Wearing a white skullcap, I decide to head out across Khartoum to explore the souq, or market, of Omdurman.
I figured wandering the endless alleys and side streets of stalls and shops would offer a little insight into the largest market of Sudan.
Before leaving my hotel, I ask the receptionist to write for me in Arabic the name of the area I was heading for. He writes what looks like scribbles to my untrained eye on a yellow piece of paper, hands it to me saying, “good luck,” as I walk out the door.
A few blocks later I find myself standing in the middle of the chaotic open air bus station in the heart of Khartoum, overwhelmed and wondering where to start. With a lost look on my face, I show the yellow piece of paper to one of the men calling out for passengers. He speaks to someone else and points, “Follow him, he will show you the right bus.”
I thank the man as he smiles and walks away.
Jumping on board, I find a seat in the crowded mini bus and offer a greeting to everyone. I know they are all curious. I can feel it in their eyes when they look at me. It’s not a bad thing, it just feels like I’m the only Caucasian tourist in town. I make a point to greet people first. It takes all the tension out of the air and creates an opening for dialogue.
A few people chat with me as we drive down the busy road. When the conductor comes to my area for the bus fare, I discover someone has already had paid for my bus ride. The man sitting next to me, leans over and says, “Welcome to Sudan.”
The bus arrives, I look at my compass to gain some kind of idea where I am and where the market is located and set off to see what is waiting to be discovered.
Walking down the narrow alleyways and side streets, I take a deep breath; the air has the smell of spices, teas and the busyness of daily life. Everywhere I walk, I hear the words “welcome” blurted out-loud from shop windows and doorways.
At the insistence of a group of men, I join them for a cup of tea. We talk about America, Iraq, Bush, marriage, Nebraska, and all the things they are always curious about.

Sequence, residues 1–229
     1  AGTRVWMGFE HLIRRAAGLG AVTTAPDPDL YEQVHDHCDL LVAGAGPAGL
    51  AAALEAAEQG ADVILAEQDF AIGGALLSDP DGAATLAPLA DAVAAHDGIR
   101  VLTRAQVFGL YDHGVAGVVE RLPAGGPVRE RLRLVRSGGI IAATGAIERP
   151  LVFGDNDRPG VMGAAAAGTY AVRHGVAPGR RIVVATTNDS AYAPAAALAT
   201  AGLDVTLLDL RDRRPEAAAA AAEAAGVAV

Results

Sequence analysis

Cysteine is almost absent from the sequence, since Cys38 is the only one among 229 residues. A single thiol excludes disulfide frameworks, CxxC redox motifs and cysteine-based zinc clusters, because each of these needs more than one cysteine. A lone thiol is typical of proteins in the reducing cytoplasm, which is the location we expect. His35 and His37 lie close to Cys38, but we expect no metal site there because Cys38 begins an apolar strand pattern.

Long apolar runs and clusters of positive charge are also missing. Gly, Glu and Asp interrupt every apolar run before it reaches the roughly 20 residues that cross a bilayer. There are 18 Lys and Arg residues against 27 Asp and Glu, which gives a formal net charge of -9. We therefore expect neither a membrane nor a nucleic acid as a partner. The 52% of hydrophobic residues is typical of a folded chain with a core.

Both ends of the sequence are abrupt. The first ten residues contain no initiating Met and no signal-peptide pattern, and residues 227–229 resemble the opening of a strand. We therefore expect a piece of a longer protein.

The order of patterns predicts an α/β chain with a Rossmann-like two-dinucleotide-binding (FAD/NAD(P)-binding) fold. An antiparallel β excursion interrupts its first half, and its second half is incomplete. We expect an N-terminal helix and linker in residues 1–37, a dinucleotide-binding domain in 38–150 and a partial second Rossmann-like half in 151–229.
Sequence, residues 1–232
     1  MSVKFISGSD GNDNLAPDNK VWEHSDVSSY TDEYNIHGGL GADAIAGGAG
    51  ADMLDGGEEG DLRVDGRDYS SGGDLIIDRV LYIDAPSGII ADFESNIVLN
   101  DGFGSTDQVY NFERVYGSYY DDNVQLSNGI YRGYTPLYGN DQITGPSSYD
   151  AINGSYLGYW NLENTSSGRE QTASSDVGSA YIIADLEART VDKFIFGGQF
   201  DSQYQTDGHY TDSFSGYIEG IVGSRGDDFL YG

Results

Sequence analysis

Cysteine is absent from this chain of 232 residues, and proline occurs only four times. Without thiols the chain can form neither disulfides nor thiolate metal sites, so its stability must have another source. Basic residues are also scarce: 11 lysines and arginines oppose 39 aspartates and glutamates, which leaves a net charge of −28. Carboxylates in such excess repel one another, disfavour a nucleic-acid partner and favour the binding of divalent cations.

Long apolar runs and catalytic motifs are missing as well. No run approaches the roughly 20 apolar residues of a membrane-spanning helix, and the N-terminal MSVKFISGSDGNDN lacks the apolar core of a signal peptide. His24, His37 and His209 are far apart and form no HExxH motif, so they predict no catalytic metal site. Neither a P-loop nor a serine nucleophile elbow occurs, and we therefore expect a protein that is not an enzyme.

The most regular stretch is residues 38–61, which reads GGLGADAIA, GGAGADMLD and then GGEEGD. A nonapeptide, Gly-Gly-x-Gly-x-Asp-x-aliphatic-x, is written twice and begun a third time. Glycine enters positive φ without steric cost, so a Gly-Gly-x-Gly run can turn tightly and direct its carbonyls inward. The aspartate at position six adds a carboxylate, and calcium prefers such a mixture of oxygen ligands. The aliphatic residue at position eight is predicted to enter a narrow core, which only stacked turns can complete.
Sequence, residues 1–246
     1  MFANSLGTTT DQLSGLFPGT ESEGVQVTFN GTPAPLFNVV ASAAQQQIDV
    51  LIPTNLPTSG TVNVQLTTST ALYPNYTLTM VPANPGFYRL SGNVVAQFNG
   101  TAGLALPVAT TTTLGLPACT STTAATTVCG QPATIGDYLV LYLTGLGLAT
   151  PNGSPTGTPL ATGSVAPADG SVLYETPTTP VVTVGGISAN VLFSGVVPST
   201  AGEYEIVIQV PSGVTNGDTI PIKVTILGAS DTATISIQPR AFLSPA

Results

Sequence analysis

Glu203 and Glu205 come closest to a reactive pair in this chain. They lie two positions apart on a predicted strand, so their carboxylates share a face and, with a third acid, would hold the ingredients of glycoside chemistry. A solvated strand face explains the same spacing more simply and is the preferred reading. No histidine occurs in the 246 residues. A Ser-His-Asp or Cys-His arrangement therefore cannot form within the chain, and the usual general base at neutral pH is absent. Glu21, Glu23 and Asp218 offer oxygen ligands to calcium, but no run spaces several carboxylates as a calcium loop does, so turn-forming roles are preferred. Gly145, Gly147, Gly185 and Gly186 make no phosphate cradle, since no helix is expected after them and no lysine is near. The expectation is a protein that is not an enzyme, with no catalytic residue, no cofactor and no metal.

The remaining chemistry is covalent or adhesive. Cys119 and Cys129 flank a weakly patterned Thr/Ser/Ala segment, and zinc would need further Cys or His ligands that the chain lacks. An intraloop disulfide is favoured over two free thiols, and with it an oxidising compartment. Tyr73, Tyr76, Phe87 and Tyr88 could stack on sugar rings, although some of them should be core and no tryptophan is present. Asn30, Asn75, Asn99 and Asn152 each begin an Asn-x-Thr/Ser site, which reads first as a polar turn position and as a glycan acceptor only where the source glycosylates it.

Walking down one of the small streets, a huge man dressed in a traditional Muslim garment comes marching up to me and asks in a demanding voice, “What is that on your head?”
I bark back at him in a tone of voice that communicates why are you asking me this silly question and say; “It’s a hat.”
He smiles and says “Yes, you are right, welcome to Sudan.”
Everywhere I go people ask if I am a Muslim because of the hat. I wore it to keep the sun off my head and to make a small attempt to be respectful.
Walking down the streets I often hear people speaking out-loud; he’s from America and he’s Muslim. Apparently rumors were spreading fast. After several hours of exploring, I finally set off for home.
As I walk down a street, a police pickup pulls up and starts chasing three men standing across the street. One man jumps into an opening for a sewer and escapes. The other two are grabbed and thrown into the back of the pickup.
As the scene develops, I press the trigger of my camera as it hangs from my side, attempting to capture images of the brutality unfolding before me without being caught.
I keep walking.
The police pickup truck immediately pulls up next to me and waves me over.
Jeesh, I think to myself, why did I take those photos?
My stomach tightens up.
The policeman points to my camera and says, “Why do you have a camera?”
“I’m a tourist,” I reply to the policeman sitting in the passenger side of the pickup.
I notice his shirt is half unbuttoned, and the look on his face was more of a thug then of a policeman.
With his index finger pointing, his hand follows the horizon and then turns up, as his head tilts to the side, a gesture that communicates: taking photos of what?
“I’m a tourist,” I say again, smiling and walk away.
A shopkeeper’s voice I met in the souq comes floating back to me, “Be careful of the police, they can do whatever they wish.”